Skip to comments.Cleaner Mistakes $14K Worth of Art for Trash, Tosses It
Posted on 02/20/2014 12:26:43 PM PST by Responsibility2nd
(Newser) – Whoops: A cleaner at an art exhibition in Italy threw away some pieces of cardboard, cookies, and newspaper that were strewn on the floor ... not realizing they were actually part of artist Sala Murat's display. She assumed the debris was trash left behind while the display was being set up; security noticed pieces of the work were missing when the exhibit opened yesterday, but by then it had already been given to trash collectors, the BBC reports, citing local media. A rep from the cleaning firm says insurance will cover the art's value, estimated to be nearly $14,000.
"It's clear the cleaning person did not realize she had thrown away two works and their value," the city marketing commissioner says. "But this is all about the artists who have been able to better interpret the meaning of contemporary art, which is to interact with the environment."
Sh*t like this happens when art looks too much like trash. I think $10 is overly generous.
It’s only worth $14k if someone is willing to pay $14k for it.
My guess is the custodial staff had it right the first time...
Alternative Title of Story: Cleaner Becomes Art Critic
Exactly. The “artist” might think the “work” is worth $10MM, and might even get a bunch for it, but their only actual loss (what must be replaced for them to be made whole) is the value of the supplies (which they probably pulled out of a dumpster for “authenticity”) and the value of their time in arranging the stuff, which should be a half an hour or less, having already done it once. Give them $50 and tell them they’re no longer welcome to leave trash on the ground in front of the cleaners, or they’ll be arrested for trespassing.
I have several bags of trash I’m willing to part with for, say, $10 each. Good investment for possible future returns once I’m “recognized.”
The custodian should be made to replace the exhibit from stuff that comes out of his trash bin — and then be allowed to call himself an artist.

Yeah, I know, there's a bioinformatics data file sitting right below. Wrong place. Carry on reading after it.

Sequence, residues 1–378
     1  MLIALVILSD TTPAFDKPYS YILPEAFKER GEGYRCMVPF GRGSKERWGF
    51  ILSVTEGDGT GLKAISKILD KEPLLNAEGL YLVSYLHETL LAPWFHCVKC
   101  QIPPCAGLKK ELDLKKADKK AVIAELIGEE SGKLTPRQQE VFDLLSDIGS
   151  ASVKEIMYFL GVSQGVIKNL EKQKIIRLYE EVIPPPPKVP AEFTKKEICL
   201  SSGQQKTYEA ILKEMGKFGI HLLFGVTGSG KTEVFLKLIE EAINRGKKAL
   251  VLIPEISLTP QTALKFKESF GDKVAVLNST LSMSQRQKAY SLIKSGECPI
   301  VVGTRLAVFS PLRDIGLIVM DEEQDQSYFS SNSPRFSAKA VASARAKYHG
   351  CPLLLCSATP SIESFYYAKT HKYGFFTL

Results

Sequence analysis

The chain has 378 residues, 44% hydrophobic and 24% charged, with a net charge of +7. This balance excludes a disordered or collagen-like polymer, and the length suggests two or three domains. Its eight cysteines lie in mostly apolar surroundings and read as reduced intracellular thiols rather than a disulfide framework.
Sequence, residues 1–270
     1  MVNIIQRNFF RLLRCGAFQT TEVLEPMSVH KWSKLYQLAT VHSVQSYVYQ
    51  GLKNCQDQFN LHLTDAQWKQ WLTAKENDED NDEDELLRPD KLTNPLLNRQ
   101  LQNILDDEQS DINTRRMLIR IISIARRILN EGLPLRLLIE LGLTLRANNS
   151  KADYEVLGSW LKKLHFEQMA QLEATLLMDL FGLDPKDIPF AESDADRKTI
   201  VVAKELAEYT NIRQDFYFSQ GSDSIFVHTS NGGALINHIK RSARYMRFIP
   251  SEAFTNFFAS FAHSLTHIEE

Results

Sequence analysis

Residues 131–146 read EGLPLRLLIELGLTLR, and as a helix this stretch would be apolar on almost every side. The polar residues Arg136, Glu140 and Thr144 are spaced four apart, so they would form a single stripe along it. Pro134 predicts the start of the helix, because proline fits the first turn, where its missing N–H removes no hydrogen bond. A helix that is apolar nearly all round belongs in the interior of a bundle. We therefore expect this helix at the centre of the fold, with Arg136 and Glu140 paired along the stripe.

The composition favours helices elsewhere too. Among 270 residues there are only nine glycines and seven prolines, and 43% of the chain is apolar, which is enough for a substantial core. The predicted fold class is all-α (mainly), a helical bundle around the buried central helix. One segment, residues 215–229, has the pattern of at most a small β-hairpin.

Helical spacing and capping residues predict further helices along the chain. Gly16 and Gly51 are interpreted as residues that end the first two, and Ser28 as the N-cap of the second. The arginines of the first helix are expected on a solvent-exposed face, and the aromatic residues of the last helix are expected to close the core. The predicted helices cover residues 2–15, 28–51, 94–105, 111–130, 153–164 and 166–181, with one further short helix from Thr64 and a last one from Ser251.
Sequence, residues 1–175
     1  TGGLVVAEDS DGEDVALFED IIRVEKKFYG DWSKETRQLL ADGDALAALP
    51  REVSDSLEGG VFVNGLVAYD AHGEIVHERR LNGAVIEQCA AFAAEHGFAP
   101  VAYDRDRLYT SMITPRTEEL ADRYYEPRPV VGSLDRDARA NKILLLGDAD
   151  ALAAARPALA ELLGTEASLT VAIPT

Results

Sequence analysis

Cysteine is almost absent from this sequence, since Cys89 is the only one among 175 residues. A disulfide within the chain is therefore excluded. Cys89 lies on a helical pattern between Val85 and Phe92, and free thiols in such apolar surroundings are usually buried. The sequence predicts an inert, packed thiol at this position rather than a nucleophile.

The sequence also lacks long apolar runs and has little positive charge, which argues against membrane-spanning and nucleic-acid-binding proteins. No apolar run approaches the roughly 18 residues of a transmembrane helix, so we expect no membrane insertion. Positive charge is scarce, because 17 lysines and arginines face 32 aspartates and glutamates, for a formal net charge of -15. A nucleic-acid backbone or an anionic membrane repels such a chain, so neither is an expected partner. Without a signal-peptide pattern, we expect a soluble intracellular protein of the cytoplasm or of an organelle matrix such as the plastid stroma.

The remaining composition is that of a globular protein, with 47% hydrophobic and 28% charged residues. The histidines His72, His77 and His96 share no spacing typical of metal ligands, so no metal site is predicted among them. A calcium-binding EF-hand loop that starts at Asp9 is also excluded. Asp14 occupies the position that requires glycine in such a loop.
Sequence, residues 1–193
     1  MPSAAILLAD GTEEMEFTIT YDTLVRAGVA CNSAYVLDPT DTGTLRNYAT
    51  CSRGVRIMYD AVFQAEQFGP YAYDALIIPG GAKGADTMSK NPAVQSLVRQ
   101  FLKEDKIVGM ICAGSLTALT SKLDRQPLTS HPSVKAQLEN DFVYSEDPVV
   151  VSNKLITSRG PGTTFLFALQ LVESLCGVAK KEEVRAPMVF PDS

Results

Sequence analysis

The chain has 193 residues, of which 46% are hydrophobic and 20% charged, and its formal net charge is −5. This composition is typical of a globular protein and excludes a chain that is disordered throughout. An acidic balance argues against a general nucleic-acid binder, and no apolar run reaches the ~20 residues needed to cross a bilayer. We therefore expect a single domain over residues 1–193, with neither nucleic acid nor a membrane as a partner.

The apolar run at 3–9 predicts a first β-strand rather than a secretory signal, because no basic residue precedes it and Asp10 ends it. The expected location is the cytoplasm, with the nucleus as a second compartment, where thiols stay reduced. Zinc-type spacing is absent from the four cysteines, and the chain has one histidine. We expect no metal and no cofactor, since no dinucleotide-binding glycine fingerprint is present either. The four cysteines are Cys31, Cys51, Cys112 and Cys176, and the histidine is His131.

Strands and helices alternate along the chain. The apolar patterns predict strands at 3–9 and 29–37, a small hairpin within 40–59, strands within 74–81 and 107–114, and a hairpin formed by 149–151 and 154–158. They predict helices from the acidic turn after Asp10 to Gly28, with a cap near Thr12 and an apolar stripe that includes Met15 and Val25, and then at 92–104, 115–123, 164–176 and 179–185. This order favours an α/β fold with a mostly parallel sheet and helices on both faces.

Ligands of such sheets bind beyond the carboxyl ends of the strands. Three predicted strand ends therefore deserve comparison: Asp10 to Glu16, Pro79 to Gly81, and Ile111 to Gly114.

Someone deserves a position as an Art Critic.
"In Philadelphia, it's worth 50 Bucks."
I once sat on a piece of “art” at the Museum of Modern Art in NYC. It was a 6’long, 2’ square, rectangular box section of steel painted matte black. It sure looked like a bench to me.
And even then, for the actual costs involved in creating the work, say $50, they could have a new one to sell for $14K anyway, so no need to pay them $14K.
Society has fallen so far that trash on the floor is “art”
Finally, an art critic who recognizes true art........
I’m thinking of insuring my garage for a million bucks.
But Mrs. R2 says no. Just clean it out already!
Mona Lisa: nice picture of a young lady, keep.
Jackson Pollock canvas: looks like the painting crew forgot a drop cloth so toss it out.
Duchamp's Fountain: What idiot union plumber just knocked off at 5:00 and left a urinal in the display area? Out it goes.
The artist should just include the cleaning lady in this work, and label it as Performance Art.
As I always say;
“ART” today can be a booger with a hair in it!
I went and looked at a picture of the display. I’d have been helping him bag it up.
“....threw away some pieces of cardboard, cookies, and newspaper that were strewn on the floor ... not realizing they were actually part of artist Sala Murat’s display.<
It must’ve been trashy “art” anyway — the only thing of any value were the cookies if they were not stale.
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